rancho seco

Peter Dykstra: The green bucket list

Sites across the U.S. where environmental challenges have been met.

When you’re immersed in environmental science and environmental politics, it’s sometimes hard to step back and measure progress.

Here are a few gains and victories to charge your batteries.


Rancho Seco, California 

In 1975, the City of Sacramento cut the ribbon on its own nuclear power plant. After years of substandard performance and at least one unnerving emergency shutdown, city voters narrowly chose to deactivate the plant in 1989.

Today, Rancho Seco is a sprawling park, 25 miles from downtown, with a sizable solar farm, a gas-fired power plant, and cooling towers unlike those in any other city park in the nation—and a reservoir designed as an emergency source of coolant water is now one bodacious fishing hole.

Greensburg, Kansas

environmental good news

Banner photo credit: Lauren Ayres/flickr

In May 2007, a tornado wiped this Kansas prairie town off the map. With so little left to lose, town leaders accepted a challenge: Rebuild Greensburg all-green, with 100% clean energy.

A decade and a half later, it’s mission accomplished for Greensburg. Its municipal wind farm sells power back to the grid.

Hubbard Brook, New Hampshire 

A research forest in North Woodstock, New Hampshire, where Gene Likens and a team of scientists were among the first to study the causes, sources, and potential solutions to acid rain.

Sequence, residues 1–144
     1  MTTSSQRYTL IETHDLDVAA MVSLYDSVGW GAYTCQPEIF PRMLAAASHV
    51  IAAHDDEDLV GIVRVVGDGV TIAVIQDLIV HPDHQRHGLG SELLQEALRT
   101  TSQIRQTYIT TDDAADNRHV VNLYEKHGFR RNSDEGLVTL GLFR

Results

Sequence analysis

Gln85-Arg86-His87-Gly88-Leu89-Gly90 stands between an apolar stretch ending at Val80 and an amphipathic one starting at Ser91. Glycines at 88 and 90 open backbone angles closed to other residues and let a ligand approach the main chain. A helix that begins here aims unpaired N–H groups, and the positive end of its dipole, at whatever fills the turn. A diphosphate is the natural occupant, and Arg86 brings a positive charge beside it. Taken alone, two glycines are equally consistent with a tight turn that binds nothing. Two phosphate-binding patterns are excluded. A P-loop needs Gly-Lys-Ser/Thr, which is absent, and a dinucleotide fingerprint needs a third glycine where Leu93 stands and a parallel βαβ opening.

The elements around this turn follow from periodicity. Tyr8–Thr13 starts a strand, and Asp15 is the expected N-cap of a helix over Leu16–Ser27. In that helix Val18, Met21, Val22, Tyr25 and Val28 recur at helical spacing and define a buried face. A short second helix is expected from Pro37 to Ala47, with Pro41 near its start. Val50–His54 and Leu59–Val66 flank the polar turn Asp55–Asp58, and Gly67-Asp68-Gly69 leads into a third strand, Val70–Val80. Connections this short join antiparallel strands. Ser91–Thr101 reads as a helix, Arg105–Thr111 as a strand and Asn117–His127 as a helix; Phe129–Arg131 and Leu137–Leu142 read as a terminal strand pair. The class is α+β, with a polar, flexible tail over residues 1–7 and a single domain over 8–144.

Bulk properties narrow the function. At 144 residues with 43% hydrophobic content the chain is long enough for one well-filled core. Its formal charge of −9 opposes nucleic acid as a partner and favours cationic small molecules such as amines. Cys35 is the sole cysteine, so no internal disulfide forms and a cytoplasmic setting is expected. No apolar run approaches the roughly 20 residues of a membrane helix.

Warren County, North Carolina

environmental justice

Credit: Jimmy Emerson, DVM/flickr

When plans were disclosed to landfill carcinogenic PCB waste in a predominantly poor Black county, national civil rights organizations joined local groups in a series of protests and blockades.

More than 500 arrests later, the environmental justice movement was born.

Storm King Mountain, New York 

Con Edison, the utility giant that powers New York City, was on the lookout for new generating capacity. Storm King rises 1,400 feet above a particularly lovely stretch of the Hudson River. In 1962, Con Ed sought permission to convert Storm King into a giant pump-storage facility – hollowing out the mountain to create a vertical reservoir, releasing the water to power electrical turbines during peak demand periods.

Swift opposition came from hikers, fishermen, ambitious lawyers and Manhattan millionaires. Seventeen years of court cases and public hearings later, Con Ed dropped its plans for Storm King. But the battle is considered the birthplace of American environmental law.

Baraboo, Wisconsin 

There are two reasons to enshrine this town of 12,000: It’s home to the Aldo Leopold Foundation, dedicated to one of America’s greatest environmental authors; and also to the International Crane Foundation, the leading NGO in protecting crane species worldwide.

These are sites where problems yielded inspired solutions. Next week, we’ll look at American sites with unresolved problems we can learn from.

Peter Dykstra is our weekend editor and columnist and can be reached at pdykstra@ehn.org or @pdykstra.

His views do not necessarily represent those of Environmental Health News, The Daily Climate, or publisher Environmental Health Sciences.

Banner photo: Canoeing in Rancho Seco. (Credit: Robert Couse-Baker/flickr)

climate change COP28

An audio diary from the COP28 climate conference, Part 1